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Sulfur reagents in organic - Metzner P.

Metzner P., Thuiller A. Sulfur reagents in organic - Academic press, 1994. - 200 p.
Download (direct link): sulfarreagents1994.djvu
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1,2 manner (the usual way for less stabilized more reactive thiocarbanions). The chemistry of these thioacetal monoxides was developed in the 1970s mainly by Ogura and Tsuchihashi [287-290] and by Schlessinger and coworkers [291-293]. Two examples of application are given.
A synthesis of m-jasmone [293] illustrates the Michael addition to methyl vinyl ketone of a stabilized carbanion and the hydrolytic step with a protonic acid.
j CHO
ii) NalO
II) H2, Lindlar
In the synthesis of a-amino acids [290] through addition of the carbanion of MMTS to nitriles the overall process involves three other steps frequently encountered in sulfur-mediated chemistry: a Pummerer-type rearrangement, with a less common migration of a methylthio group, and a Raney nickel desulfurization following transesterification of the thioester function.
SMC I) HNa/THF
Me H3o
R SMe SMe
II

)
(2)
(3)
Raney nickel
AcNH
R|COaMe H
(4)
(5)
Synthesis of an amino ester (5, R = Ph)
Benzonitrile (1.520g, 14.8mmol) was added to the THF solution of the sodium salt generated from (1) (1.830g, 14.8 mmol) by the action of sodium hydride (1.24 eq) at room temperature, and the resulting solution was stirred at 50C for 16h. After addition of water (2 ml) together with dichloromethane (70 ml), the mixture was dried over anhydrous sodium sulfate (without separation of the aqueous layer) and the solid phase was filtered off. Evaporation of the filtrate under reduced pressure and subsequent crystallization from dichloromethane/carbon tetrachloride/ cyclohexane (1:1:1) afforded (2) as a crystalline material (2.391 g, 10.5 mmol), m.p. 162-163C (105 mg of (2) could be recovered by chromatography on silica gel of the mother liquor residue of evaporation; the total yield of (2) was 75%).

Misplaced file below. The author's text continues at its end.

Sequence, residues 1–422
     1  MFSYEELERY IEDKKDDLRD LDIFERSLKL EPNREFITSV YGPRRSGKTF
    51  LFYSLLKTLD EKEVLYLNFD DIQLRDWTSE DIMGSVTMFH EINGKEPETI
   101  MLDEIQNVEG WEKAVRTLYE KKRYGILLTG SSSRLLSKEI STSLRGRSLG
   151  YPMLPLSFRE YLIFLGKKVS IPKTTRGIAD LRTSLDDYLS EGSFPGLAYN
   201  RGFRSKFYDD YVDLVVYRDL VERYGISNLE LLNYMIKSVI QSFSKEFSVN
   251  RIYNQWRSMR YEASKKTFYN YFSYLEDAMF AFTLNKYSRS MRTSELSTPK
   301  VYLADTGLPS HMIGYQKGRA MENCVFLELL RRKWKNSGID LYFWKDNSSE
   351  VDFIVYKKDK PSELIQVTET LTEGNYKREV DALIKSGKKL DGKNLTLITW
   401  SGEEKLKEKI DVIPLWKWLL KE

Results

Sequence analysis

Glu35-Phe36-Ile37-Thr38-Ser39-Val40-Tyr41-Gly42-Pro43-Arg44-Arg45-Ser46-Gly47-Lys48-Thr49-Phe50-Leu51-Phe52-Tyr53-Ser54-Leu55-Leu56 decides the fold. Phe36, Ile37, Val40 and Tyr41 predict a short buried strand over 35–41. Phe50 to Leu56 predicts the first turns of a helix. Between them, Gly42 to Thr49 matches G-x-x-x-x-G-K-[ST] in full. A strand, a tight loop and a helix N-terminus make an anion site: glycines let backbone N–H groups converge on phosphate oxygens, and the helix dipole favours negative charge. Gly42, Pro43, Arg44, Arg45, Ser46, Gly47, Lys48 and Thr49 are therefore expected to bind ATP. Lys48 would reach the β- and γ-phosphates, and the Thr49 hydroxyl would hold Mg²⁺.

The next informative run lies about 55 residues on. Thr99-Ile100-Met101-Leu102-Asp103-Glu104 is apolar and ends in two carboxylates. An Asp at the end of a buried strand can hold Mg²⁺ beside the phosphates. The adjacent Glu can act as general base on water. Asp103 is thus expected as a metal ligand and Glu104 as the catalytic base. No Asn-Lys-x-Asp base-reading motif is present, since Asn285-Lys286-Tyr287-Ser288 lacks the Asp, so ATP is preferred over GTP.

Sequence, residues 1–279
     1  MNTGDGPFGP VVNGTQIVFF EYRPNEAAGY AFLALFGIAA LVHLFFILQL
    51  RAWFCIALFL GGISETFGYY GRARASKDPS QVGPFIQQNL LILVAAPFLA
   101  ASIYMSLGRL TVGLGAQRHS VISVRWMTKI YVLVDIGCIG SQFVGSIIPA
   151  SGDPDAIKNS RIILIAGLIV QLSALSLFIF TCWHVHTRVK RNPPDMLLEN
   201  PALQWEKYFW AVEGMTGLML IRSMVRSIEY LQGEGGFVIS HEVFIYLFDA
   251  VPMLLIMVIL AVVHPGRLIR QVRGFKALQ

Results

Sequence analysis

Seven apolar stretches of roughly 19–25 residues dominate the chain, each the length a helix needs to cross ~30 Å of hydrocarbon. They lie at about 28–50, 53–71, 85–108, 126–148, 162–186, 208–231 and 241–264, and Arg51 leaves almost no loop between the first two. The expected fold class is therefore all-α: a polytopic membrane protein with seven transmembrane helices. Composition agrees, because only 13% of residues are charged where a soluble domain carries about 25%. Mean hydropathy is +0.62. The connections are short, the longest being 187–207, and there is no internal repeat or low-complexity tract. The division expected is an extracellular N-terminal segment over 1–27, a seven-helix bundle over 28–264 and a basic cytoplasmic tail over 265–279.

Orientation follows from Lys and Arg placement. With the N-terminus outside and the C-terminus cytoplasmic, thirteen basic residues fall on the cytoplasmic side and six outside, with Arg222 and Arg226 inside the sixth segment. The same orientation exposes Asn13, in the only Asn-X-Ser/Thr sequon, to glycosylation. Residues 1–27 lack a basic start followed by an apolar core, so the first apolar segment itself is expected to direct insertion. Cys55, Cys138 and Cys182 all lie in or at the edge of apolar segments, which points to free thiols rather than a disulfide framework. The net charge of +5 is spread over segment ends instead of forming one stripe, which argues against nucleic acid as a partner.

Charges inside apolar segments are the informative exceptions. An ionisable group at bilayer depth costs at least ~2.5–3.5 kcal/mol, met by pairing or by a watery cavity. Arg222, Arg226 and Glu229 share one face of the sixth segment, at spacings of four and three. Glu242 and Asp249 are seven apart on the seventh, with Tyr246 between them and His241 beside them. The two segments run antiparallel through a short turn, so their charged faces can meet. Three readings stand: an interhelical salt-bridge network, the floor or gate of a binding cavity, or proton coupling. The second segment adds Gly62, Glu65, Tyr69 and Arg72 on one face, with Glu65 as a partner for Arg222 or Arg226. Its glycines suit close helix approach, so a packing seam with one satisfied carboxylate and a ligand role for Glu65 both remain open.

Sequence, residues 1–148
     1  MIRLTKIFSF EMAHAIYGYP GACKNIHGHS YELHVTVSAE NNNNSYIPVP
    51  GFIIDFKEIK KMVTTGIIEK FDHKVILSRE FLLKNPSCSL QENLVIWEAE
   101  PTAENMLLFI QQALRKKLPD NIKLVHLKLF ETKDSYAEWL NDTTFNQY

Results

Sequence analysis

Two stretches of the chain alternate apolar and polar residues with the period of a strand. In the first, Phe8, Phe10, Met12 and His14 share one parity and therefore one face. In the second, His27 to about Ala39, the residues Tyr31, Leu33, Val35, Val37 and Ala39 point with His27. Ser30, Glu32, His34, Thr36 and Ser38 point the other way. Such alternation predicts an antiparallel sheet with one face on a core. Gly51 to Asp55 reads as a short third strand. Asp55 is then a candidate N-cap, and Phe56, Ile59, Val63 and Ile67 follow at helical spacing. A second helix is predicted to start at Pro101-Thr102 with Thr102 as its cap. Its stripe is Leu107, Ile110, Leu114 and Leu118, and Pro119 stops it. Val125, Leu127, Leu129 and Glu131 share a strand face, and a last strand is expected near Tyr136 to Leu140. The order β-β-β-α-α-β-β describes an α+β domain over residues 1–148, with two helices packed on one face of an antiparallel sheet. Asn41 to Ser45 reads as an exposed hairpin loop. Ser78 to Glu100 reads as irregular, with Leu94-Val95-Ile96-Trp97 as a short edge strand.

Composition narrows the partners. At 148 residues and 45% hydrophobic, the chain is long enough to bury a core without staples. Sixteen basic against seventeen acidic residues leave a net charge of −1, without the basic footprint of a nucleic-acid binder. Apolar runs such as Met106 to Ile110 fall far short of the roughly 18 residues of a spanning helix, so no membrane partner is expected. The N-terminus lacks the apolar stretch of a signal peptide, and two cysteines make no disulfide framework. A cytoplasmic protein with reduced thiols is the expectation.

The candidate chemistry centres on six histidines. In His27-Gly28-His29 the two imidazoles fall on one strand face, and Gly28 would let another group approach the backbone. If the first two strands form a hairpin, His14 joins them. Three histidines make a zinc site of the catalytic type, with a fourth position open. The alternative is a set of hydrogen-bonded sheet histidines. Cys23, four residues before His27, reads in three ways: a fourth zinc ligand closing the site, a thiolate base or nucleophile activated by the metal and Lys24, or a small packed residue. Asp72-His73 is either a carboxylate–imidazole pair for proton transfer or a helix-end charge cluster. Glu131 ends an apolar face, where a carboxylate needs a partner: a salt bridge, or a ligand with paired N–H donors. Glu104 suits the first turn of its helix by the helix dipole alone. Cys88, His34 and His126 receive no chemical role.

A mixture of (2) (2.439 g, 10.7 mmol), acetic anhydride (1.5 ml, 15.9 mmol), and pyridine (1.0ml, 12.4mmol) in dichloromethane (10ml) was stirred for 4h at room temperature. After evaporation of dichloromethane, the residue was washed with water to give the thioester (3) (2.593 g, 9.64 mmol), m.p. 174-175.5C.
A solution of (3) (215 mg, 0.799 mmol) in methanol (10 ml) was refluxed for 13 h in the presence of two drops of triethylamine. After column chromatographic separation (silica gel, dichloromethane), crude methyl ester (4) (192 mg, 0.759 mmol) was obtained, m.p. 166-167C (recrystallization from dichloromethane/carbon tetrachloride/n-hexane and water/methanol). Crude (4) thus obtained was treated with
deactivated Raney nickel (1.2 g) in acetone at room temperature for 5.5 h to afford the methyl ester of N-acetyl phenyl glycine (5) (144 mg, 0.696 mmol). The deactivated Raney nickel was obtained by refluxing Raney nickel of W-II activity in acetone for several minutes prior to use.
From [294] with permission.
N-Acetylphenylglycine was obtained directly in a 91% yield when a solution of (3) in methanol/water (9:1) was refluxed for 3h in the presence of potassium carbonate (2 eq). A desulfurization by the methylthiolate anion produced by the hydrolysis of (3) accounts for this result [295]. In that way N-acetyl phenylglycine was obtained in a 60% yield, by a three-step procedure, from benzonitrile.
The method described above was applied to synthesize the methyl ester of ui.-/V-acetyl-5 hydroxy tryptophan [294].
Ogura [296, 297] has proposed other interesting uses of MMTS (also known as FAMSO, for formaldehyde dimethyl dithioacetal 5-oxide) and also of the two following dithioacetal monosulfones:
methyl methylthiomethyl sulfone, MeSCH2S02Me;
methylthiomethyl p-tolyl sulfone, MeSCH2S02Tol (commercially available).
With these reagents [296] alkylation could be obtained under phase transfer conditions. Cleavage of the alkylated product to yield a carbonyl compound was performed under neutral conditions by photolysis in the presence of water.
AcNH
4SMe hv (254 nm)
----------
S02Tol H2
R
SMe
4
R-CHO
Acid-sensitive functional groups could thus be preserved as an acetal in the example below:
Page et al. (see [298] and references therein) have shown that generally excellent stereocontrol in organic reactions can be obtained by using DITOX (1,3-dithiane-l-oxide) derivatives as chiral auxiliaries. The one-pot stereo-controlled cycloalkanone synthesis given here outlines some aspects of the chemistry worked out for efficient acylation-alkylations steps. Of note are: the use of N-acyl imidazoles under mixed base (sodium hexamethyldisilazide/n-butyllithium) conditions to yield the lithium enolates of 2-acyl-l,3-dithiane-l-oxides) and the sequential alkylation-cyclization of the latter (steps (iv) and (v)).
i) NHMDS (1.1 eo), THF, -78C, 15 min.
ii) n-BuIi (1.1 eq) 78C, 15 min.
ffi) RCHjCO-Imid (1.1 eq), -78C to rt, 2 h
iv) (1.0 eq) -78 to rt, 16 h
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